In the previous article regarding the capacitive water level sensor, I've presented two different electrode designs:

  • A coaxial electrode made from a rectangular aluminium tube an a  single isolated wire as "central conductor"
  • A simple twin-wire electrode made from simple speaker-wire

Here my findings regarding each electrode.

Twin-wire electrode

The twin-wire electrode has in my opinion one major drawback - the electrode is symetrical but the sensor circuit is earth referenced. This leads to a very high sensitivity against noise. Another drawback is, that the fluid is not between the two conductors, as the room between the two wires is filled with plastic isolation material.

Positive is, that the construction costs are really low and the material selection is fairly simple.

Coaxial electrode

The coaxial electrode gives a far more stable sensor reading, as the complete wiring from the wire inside the tube up to the NE555 is completely shielded.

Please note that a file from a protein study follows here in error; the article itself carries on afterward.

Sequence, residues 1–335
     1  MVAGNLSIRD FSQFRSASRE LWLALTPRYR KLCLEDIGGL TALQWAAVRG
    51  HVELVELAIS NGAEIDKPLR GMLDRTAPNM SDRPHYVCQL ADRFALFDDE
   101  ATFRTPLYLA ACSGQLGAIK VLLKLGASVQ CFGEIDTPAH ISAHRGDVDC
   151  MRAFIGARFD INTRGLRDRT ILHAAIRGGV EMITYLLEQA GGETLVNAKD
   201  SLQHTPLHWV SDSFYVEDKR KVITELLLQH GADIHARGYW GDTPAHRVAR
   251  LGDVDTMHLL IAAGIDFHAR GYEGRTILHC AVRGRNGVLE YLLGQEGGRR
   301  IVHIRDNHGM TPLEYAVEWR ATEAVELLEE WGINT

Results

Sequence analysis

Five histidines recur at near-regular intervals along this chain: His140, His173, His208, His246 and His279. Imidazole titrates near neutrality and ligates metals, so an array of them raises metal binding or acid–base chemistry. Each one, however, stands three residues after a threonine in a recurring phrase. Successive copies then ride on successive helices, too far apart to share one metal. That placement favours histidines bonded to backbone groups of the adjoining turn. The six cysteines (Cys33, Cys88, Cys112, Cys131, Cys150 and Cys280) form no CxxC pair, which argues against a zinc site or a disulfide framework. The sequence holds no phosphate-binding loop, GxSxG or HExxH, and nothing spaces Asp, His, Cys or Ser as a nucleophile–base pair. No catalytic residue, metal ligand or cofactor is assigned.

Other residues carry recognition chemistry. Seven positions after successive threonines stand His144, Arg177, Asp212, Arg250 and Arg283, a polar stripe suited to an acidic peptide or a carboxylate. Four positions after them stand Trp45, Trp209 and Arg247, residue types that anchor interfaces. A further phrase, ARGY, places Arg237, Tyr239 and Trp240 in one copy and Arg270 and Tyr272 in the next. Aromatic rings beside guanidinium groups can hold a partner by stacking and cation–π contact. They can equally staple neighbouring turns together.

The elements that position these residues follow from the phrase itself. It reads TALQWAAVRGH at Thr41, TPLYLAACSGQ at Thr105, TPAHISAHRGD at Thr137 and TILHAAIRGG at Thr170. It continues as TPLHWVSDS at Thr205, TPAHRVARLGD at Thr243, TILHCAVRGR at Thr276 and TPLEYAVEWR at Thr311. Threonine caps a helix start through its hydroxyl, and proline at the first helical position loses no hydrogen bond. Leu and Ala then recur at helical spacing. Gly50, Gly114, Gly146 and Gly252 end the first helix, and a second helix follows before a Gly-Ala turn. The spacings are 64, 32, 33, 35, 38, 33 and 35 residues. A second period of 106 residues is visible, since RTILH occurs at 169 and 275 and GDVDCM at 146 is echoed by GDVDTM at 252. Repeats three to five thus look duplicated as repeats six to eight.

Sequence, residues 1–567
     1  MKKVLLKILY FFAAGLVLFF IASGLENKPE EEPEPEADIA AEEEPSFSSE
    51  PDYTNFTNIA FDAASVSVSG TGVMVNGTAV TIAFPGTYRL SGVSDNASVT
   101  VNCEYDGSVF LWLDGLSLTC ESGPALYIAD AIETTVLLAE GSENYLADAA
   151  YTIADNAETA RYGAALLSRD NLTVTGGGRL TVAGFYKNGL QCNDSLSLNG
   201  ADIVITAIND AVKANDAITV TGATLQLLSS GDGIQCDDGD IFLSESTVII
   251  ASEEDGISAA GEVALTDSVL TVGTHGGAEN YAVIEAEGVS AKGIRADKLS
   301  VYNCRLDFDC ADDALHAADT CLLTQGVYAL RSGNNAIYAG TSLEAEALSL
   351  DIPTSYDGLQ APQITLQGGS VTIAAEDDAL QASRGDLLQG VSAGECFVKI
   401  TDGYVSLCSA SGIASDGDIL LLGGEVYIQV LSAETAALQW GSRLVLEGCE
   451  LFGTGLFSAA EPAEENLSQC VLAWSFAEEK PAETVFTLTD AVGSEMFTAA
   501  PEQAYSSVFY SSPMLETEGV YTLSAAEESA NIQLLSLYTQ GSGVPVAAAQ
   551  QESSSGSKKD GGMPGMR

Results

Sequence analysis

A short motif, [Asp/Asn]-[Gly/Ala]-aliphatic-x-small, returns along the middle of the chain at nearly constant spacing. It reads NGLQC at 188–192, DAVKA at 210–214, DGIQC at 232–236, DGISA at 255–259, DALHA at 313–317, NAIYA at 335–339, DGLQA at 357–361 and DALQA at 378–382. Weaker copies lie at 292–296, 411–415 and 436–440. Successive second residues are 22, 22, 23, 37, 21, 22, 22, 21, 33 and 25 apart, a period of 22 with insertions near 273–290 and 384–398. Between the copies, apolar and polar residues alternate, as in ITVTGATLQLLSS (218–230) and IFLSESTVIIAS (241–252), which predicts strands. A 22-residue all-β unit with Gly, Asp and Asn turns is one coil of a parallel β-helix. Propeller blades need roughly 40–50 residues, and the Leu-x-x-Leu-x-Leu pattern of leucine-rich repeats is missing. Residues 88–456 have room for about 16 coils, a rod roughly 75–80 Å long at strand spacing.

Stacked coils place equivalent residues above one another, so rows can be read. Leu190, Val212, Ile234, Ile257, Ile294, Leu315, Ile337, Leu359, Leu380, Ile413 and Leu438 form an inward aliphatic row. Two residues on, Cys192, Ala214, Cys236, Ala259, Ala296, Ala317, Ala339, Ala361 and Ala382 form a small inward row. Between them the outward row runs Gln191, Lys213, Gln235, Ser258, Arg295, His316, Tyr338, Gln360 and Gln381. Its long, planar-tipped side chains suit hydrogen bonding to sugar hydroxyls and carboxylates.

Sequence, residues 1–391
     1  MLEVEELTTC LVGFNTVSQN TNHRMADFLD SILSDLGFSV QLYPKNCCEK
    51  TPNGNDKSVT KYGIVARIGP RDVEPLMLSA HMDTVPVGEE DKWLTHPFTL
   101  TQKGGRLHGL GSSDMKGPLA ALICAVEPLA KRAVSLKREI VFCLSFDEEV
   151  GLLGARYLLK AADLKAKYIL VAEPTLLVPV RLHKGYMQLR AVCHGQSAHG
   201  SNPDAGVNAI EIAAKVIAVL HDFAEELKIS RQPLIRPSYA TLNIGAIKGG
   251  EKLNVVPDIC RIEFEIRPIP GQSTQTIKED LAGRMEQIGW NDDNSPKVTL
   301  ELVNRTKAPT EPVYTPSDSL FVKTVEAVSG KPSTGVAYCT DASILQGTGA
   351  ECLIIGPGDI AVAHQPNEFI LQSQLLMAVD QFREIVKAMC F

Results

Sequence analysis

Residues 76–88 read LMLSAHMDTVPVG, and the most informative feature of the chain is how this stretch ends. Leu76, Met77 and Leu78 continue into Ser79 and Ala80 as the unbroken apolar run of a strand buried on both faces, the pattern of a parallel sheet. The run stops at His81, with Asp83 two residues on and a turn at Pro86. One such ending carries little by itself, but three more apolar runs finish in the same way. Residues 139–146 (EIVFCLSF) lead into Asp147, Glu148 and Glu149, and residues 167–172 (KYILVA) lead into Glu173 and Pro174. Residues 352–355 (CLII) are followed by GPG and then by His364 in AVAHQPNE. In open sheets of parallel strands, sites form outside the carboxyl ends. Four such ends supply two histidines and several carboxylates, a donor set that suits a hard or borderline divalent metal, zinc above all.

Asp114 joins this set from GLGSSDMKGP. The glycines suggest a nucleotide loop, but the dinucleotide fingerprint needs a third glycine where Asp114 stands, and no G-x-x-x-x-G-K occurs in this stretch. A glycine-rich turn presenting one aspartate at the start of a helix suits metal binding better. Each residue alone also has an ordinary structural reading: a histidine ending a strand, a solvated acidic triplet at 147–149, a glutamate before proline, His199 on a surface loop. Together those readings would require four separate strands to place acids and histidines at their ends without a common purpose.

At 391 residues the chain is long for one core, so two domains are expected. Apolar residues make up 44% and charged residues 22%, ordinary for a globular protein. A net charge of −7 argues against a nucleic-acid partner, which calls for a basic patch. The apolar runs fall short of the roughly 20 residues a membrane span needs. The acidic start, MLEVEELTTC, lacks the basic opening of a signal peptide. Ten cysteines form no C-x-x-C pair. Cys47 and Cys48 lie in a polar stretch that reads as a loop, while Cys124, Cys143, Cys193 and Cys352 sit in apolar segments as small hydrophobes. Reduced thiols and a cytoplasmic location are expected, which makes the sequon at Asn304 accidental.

But as can be seen in these pictures, the selection of the right material is far more critical:

These pictures are from a simple aluminium tube after 5 days in pure rain water.

Alu1 This seems to be a kind of salt - maybe this is due to the copper gutter, collecting the rain from our roof?!

rust No comment.

My next action will be a visit at the local plumber to get a stainless-steel tube - then I will re-run these tests ...

 

2014 CW (Morse Telegraphy) was added to the German Nationwide Inventory of Intangible Cultural Heritage.

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